Released 11/11/2022Catalogue Number

SCR055LPX

Neil Halstead

Palindrome Hunches - 10th Anniversary

Sonic Cathedral
Album artwork for Album artwork for Palindrome Hunches - 10th Anniversary by Neil Halstead by Palindrome Hunches - 10th Anniversary - Neil Halstead
Album artwork for Palindrome Hunches - 10th Anniversary by Neil Halstead
LP

£29.99

Special 10th Anniversary Edition In Brown Card Artboard Sleeve with Additional Lyric Print Insert

Ochre

Released 11/11/2022Catalogue Number

SCR055LPX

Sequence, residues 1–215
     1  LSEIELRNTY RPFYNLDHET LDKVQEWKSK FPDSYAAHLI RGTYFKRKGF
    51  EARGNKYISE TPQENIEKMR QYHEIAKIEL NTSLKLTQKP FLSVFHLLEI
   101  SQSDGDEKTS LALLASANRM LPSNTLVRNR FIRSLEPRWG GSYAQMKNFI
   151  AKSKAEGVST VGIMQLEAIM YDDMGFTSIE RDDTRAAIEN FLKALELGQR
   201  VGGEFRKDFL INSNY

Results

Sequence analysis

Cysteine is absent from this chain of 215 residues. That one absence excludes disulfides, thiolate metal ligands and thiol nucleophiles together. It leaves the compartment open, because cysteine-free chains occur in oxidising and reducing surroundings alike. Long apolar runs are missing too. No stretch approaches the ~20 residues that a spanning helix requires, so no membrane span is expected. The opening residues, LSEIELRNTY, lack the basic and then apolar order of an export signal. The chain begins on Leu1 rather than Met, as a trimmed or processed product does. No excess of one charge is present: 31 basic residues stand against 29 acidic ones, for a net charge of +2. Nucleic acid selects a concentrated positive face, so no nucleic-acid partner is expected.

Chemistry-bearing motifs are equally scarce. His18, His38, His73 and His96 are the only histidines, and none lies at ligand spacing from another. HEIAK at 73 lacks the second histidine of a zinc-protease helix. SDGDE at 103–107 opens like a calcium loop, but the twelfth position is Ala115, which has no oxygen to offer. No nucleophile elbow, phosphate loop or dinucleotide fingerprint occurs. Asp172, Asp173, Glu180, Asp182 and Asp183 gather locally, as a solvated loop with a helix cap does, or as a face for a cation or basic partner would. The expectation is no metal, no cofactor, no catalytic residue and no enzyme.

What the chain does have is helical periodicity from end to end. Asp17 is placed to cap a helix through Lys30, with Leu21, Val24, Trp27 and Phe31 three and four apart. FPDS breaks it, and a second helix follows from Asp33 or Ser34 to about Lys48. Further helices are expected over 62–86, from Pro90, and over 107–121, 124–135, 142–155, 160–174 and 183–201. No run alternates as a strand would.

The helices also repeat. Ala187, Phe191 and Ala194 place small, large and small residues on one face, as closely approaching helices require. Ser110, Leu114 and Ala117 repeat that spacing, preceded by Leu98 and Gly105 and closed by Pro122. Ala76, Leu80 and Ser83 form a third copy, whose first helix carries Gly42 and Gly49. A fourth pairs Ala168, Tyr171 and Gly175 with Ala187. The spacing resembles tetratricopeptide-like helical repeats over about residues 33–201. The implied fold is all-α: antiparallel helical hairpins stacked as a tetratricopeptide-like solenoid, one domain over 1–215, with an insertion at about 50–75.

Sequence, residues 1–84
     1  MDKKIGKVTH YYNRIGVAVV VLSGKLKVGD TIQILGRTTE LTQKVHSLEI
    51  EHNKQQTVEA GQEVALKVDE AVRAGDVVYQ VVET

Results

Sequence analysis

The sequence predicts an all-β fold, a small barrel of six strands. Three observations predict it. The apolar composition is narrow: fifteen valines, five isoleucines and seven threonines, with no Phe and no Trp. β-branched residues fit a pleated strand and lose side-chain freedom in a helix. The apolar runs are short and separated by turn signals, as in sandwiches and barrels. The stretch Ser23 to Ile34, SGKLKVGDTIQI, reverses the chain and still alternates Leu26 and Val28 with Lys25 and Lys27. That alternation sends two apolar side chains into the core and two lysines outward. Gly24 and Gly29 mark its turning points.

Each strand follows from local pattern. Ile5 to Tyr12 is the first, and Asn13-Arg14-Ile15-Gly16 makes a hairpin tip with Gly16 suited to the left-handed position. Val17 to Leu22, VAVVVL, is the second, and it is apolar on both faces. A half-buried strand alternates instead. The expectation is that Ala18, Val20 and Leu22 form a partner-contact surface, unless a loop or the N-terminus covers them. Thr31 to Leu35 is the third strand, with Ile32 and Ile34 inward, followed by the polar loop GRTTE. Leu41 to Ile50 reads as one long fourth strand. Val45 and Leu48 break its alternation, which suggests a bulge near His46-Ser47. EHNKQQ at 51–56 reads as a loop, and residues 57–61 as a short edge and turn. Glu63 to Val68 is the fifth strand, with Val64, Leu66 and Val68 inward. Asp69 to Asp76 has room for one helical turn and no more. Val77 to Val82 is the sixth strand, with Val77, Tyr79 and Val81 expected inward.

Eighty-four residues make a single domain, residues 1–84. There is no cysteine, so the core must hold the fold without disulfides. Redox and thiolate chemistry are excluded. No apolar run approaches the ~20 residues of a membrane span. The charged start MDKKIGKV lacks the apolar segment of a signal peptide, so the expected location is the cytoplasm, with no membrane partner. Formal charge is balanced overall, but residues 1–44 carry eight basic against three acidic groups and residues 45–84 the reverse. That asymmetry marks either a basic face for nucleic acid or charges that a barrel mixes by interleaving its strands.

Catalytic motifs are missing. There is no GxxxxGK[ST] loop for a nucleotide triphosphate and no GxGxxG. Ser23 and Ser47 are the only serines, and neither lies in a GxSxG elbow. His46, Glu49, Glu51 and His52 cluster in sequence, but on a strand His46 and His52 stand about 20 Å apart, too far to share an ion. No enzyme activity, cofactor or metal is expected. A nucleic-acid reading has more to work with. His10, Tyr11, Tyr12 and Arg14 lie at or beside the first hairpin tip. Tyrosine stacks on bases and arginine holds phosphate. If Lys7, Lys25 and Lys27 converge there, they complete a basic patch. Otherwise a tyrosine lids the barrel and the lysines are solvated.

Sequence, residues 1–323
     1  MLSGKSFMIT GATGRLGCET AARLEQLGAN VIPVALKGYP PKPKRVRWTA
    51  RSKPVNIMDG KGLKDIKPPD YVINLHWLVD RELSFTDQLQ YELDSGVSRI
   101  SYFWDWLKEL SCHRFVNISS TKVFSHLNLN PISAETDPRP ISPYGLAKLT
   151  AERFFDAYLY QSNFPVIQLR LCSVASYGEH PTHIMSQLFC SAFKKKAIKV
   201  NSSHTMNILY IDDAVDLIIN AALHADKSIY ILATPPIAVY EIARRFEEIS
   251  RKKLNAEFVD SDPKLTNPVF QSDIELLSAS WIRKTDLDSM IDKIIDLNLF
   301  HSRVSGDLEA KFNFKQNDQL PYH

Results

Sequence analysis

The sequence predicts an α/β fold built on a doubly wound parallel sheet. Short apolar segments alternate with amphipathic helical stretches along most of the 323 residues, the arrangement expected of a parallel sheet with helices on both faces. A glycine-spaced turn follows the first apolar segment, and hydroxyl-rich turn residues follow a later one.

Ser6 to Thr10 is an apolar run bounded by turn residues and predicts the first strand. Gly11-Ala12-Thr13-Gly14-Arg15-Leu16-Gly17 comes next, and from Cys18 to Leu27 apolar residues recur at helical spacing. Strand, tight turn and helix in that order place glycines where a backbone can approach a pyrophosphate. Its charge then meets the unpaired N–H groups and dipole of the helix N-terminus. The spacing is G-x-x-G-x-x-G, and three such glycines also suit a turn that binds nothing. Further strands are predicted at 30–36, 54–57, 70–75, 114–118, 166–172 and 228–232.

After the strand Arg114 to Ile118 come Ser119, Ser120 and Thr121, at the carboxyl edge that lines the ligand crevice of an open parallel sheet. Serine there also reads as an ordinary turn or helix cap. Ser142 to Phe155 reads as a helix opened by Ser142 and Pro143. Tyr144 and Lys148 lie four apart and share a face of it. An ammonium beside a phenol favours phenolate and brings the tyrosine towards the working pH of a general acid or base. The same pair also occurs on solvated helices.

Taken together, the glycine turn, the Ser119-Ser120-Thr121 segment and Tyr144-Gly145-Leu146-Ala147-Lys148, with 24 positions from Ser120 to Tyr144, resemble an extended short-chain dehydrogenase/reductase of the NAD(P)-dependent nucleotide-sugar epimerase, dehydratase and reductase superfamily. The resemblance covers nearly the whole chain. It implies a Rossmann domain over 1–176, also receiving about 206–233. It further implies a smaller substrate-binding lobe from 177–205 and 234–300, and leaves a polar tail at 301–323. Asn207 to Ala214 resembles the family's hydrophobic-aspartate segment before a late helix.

Slowdive singer and songwriter’s third solo album, which was originally released in November 2012. It is a stunning record and one which, upon its release, underlined the claims that Neil was one of the finest and most underrated British songwriters of recent times. It’s also a very special release in the Sonic Cathedral catalogue; the shoegaze label licensed the record from Jack Johnson’s Brushfire imprint for the UK and Europe and it was the start of a relationship that also gave us the Black Hearted Brother album in 2013 and, ultimately, brought about the reformation of Slowdive in 2014. But Palindrome Hunches is a very different beast. Both stately and understated, this moody and mesmerising collection of peculiarly British folk songs was made with the Band of Hope, a Wallingford, Oxfordshire based collective consisting of Ben Smith (violin), Drew Milloy (double bass), Paul Whitty (piano) and Tom Crook (guitar). Together with producer Nick Holton, banjo player Kevin Wells and backing singer Aimee Craddock, they recorded the album to tape over a few weekends in the music room of their local junior school. “At first we were going to record in a studio, but everything seemed too clean,” said Neil at the time. “We just went through the songs and recorded them live without very much rehearsal. We wanted to be spontaneous and simple and to keep the little mistakes that sneaked in.” This goes a long way to explaining the album’s humanity and intimacy, and also why it has had a quiet life of its own over the past decade, gradually growing in stature alongside Neil’s more high-profile activities with Slowdive; copies of the 2012 original and even the 2017 repress currently fetch up to triple figures on Discogs. The stunning opener ‘Digging Shelters’ was used to devastating effect in the posthumously released James Gandolfini movie Enough Said – a fitting home for a song that rubs shoulders here with ruminations about love and loss such as ‘Tied To You’ and ‘Spin The Bottle’ and, on ‘Wittgenstein’s Arm’, an Austrian pianist who had his right arm amputated in World War I and lost three of his brothers to suicide. The wordplay of the title track is almost light-hearted in comparison; “I wanted to write a song that was the same forwards and backwards, but it didn’t quite work out,” explained Neil, adding that he also chose ‘Palindrome Hunches’ for the album’s title because “I like the idea of things being reversible”. A couple years later, by reforming his old band, he proved that. And now, ten years on, it’s the perfect time to rewind to this understated, underrated classic. Praise for Palindrome Hunches on its original release: